We were successful. The fish were still there. But as you can tell, we had to improvise. As fisherman, especially bass fisherman, some of the best lures out on the market today were created from improvising.

My game plan came together as I viewed the screen of our fish finder. It’s time to pull back. What do I mean by this? Well, most of the structure I was targeting when the water levels were up were no longer in the water. Tree branches, rocks, docks -- all bone dry! So I told my partner I was going to have to just pull back and fish structure that I was totally ignoring. This is structure that was out in the middle of the channel. You may find that this is what you might have to do also, even on inland lakes. 

Think of it like this: With shallower water, we kind of have a “captive audience.” There are only so many places the fish can be if they are looking for structure.

Now, how am I going to adapt, as I mentioned earlier? Think shallow running and think convenience. I stocked up on several KVD Square Bills, the 1.5 model and the Bass Pro Shops XPS Square Bill Crankbaits. These lures run shallow and will give you the advantage you need. 

Also, this is the reason why I love drop shotting so much. If drop shotting is something that you haven’t done, research it, learn it and live it!! Drop shotting is a technique that you can quickly adjust to the water level by simply moving your sinker up and down your tag line. Remember, just change up a little bit, adapt, that’s what we do as fishermen!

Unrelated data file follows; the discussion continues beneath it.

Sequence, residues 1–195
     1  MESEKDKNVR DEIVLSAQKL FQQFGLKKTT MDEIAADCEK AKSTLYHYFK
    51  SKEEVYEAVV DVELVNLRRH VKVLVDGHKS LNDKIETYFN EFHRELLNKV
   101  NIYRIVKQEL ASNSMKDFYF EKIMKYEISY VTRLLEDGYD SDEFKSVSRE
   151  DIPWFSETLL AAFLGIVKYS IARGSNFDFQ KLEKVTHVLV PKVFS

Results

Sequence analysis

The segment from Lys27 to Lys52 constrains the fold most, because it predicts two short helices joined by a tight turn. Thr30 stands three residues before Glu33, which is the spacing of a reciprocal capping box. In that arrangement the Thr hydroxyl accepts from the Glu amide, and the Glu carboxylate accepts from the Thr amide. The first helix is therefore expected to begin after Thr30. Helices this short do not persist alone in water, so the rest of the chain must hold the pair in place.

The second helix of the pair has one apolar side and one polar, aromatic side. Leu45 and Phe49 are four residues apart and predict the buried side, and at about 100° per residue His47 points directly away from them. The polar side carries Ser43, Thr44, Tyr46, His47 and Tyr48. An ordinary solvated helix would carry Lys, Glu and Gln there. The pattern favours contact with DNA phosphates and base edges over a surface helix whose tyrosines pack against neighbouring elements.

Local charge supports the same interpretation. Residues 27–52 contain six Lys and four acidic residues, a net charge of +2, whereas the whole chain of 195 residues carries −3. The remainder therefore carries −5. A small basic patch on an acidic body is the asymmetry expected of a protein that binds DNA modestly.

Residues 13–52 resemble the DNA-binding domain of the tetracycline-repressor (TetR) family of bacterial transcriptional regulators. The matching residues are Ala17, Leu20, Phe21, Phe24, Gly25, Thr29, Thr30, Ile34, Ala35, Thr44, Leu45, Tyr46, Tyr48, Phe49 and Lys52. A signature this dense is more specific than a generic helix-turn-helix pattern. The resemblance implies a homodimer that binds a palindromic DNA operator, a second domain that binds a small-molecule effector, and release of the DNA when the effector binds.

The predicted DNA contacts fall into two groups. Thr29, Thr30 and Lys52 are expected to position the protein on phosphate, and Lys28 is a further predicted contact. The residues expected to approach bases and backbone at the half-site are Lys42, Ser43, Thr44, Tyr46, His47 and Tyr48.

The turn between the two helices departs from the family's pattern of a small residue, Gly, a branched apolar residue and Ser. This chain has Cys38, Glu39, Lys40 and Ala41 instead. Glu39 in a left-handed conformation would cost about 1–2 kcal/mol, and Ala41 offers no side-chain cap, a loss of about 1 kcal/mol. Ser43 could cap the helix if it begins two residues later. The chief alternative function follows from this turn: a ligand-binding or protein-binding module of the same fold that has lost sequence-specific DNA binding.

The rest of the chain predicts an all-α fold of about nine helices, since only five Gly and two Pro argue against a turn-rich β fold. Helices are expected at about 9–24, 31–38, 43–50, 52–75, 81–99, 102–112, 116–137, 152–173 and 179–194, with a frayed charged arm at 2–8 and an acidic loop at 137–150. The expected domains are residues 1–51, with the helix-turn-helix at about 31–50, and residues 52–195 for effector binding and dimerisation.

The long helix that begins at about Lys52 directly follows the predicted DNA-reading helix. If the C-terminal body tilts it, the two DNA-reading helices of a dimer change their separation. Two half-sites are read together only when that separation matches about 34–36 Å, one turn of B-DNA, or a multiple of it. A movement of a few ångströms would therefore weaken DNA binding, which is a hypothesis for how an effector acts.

by Greg Miller

 

Tagged under Read 2707 times Last modified on March 4, 2016
Greg 'Bo' Miller
expert

Home: Laporte, Indiana
Family:
(wife) Amie, (son) Hunter, (daughter) Alex
Hobbies:
Mushroom hunting and a lot of fishing!
Boat
: 2000 ProCraft SuperPro 200, Mercury 200 EFI motor

 

Angling Stuff

Favorite Technique: Crankbait, drop-shotfishing
Fishing Strength:
My mental game is one of my major strengths. Preparation for a tournament is vital both physically and mentally. I take a great deal of time studying lakes, maps and new locations to fish. Keeping you rhead in the game and stayingphysically fit is very important. Staying fit so you can rigor the hours on the boat is a point that is greatly overlooked.
Favorite Lake:
Lake Michigan and Table Rock Lake in Missouri
Favorite Species Fished
:
Smallmouth bass
Likes to Fish:
Private inland lakes with my family. It's great break from the stressors of tournament fishing. Any inland lake just to relax and catch some bluegill.

Career Highlights

Fishing 34 years
One 1st place tournament finish
15 Top-10 wins
2011 Anglers Dream, Division 5, 4th place finish at St. Joe River
2011 Final Standing, 18th Place
2010 Anglers Dream, Division 1, 1st place finish at Lake Michigan
2010 Final Standing, 6th Place
Fishing Huber's Marine local tournaments 2007 through 2010
Pro Staff member for Bass Pro Shops

Sponsors: SERVPRO (Laporte & Porter County), Mercury Marine, KVD Line & Lure, PowerPole, BassBoatSeats.com, St. Croix Rods, Poor Boys Baits